"It is only by understanding how corals form their skeletons that we can understand and perhaps better predict how they will evolve as oceans become more acidic (as a result of climate change)," explains team leader Pupa Gilbert at Wisconsin-Madison.

Spherulites are polycrystalline structures in which acicular (or lath-like) crystals (also called fibres) radially grow out from a common centre to form a spherical-shaped structure. There are two types of spherulites: spherical spherulites in which the crystal fibres start from a point; and feather-like or plumose spherulites in which crystal fibres radiate out at an angle from a line (see image).

Model species for studying how coral calcifies

Gilbert and colleagues studied the skeleton of Stylophora pistillate coral – whose fibres are made of aragonite (CaCO3). S. pistillate is abundant in the Indo-Pacific and the Red Sea, and is a commonly used model species for studying how coral calcifies. They mapped the crystal orientations in the coral using a technique called polarization-dependent imaging contrast (PIC)-mapping that Gilbert developed a few years ago in her lab. The technique makes use of synchrotron light (in this case from the Berkeley-ALS) and a spectromicroscope (a photoemission electron spectromicroscope or PEEM in this case). It can provide detailed quantitative information about how the crystallographic c-axes of carbonate materials are oriented in 3D.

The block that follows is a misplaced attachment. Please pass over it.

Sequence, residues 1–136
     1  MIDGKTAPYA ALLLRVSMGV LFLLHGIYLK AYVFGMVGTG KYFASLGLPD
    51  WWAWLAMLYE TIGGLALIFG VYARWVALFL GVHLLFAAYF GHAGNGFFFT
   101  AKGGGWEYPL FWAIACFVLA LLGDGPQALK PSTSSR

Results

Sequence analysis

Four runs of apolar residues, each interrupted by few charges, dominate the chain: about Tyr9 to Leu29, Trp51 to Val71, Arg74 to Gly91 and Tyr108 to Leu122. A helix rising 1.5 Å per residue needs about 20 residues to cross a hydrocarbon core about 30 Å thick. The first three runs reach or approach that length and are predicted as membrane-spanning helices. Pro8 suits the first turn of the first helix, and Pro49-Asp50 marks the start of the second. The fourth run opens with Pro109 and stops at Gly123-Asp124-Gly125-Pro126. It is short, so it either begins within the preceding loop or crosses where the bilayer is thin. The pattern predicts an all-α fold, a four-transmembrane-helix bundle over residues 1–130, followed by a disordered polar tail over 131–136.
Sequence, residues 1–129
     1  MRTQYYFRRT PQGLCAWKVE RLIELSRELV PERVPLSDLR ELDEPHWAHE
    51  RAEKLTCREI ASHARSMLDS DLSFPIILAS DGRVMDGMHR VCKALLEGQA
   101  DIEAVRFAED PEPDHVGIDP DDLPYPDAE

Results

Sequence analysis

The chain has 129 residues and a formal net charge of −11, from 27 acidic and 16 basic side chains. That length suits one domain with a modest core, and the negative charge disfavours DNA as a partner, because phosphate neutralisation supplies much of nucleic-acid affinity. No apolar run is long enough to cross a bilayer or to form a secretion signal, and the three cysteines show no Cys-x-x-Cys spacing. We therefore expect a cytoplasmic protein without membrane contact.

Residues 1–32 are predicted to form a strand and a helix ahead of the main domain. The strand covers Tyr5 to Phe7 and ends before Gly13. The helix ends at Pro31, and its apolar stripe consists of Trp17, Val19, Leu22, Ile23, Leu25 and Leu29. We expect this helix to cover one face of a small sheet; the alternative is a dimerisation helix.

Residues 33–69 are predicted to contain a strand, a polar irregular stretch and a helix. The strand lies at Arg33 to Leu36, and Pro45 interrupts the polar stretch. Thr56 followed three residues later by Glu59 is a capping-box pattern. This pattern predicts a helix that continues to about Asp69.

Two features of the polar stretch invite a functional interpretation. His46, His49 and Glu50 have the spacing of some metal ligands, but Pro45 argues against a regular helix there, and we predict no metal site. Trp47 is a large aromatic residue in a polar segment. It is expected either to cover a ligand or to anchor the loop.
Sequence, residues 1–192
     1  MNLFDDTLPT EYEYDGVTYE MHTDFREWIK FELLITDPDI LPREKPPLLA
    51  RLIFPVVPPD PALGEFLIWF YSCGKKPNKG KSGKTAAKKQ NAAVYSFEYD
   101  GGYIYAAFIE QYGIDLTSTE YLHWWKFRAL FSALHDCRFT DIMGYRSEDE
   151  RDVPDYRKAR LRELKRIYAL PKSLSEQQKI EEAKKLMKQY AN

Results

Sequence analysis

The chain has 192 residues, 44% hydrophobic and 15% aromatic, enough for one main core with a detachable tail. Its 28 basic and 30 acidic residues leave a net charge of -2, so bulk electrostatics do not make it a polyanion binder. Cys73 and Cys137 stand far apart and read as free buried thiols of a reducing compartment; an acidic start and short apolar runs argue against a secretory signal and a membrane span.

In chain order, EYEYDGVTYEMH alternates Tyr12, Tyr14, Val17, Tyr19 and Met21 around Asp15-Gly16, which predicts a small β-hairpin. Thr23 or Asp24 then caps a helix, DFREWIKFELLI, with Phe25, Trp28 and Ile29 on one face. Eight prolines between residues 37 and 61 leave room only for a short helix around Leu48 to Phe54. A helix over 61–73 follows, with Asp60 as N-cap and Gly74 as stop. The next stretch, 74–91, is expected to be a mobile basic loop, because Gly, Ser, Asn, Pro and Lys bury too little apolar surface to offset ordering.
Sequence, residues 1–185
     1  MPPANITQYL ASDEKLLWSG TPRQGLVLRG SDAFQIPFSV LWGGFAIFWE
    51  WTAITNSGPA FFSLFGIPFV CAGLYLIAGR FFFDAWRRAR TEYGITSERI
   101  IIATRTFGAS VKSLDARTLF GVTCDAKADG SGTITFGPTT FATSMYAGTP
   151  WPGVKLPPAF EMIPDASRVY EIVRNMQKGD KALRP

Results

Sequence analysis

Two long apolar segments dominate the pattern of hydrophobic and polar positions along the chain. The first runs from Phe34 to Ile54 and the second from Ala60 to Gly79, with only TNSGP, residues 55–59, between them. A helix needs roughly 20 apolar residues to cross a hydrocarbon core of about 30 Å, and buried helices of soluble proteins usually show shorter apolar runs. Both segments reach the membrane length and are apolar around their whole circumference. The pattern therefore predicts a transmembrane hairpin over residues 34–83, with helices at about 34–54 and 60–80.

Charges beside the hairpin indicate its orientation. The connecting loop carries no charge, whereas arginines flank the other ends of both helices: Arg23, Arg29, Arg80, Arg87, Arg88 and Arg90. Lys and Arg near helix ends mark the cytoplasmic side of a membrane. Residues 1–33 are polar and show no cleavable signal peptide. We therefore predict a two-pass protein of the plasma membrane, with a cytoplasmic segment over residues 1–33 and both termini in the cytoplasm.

The researchers made measurements on coral skeletons that they had embedded in a substrate, polished and coated. They PIC-mapped them with various fields of view (from 10 to 60 microns) and with a spatial resolution down to just 10 nm.

Aragonite grows anisotropically

“We found that the corals grow their skeletons in bundles of aragonite crystals, with their c-axes and long axes oriented radially, thus precisely as expected for plumose spherulites,” Gilbert tells nanotechweb.org. “Interestingly, aragonite grows anisotropically, and 10 times faster along the c-axis than along the a-axis direction. Spherulites therefore fill the space they grow into faster than any other aragonite growth geometry, something that leads to an isotropic material being created from anisotropic crystals.”

This greater filling rate and the mechanical properties of the finished isotropic structure are key to the skeleton’s supporting function and therefore to its evolutionary success, she adds. “In this sense, spherulitic growth is nature’s 3D printing.”

According to the researchers, this type of growth might even be exploited in man-made 3D printing using aragonite spherulites, which can grow and fill space up to 1000 times faster than regular aragonite crystals.

The team, reporting its work in ACS Nano DOI: 10.1021/acsnano.7b00127, says that it would now like to better understand the mechanisms behind coral skeleton growth not only in S. pistillate but in other species of coral as well.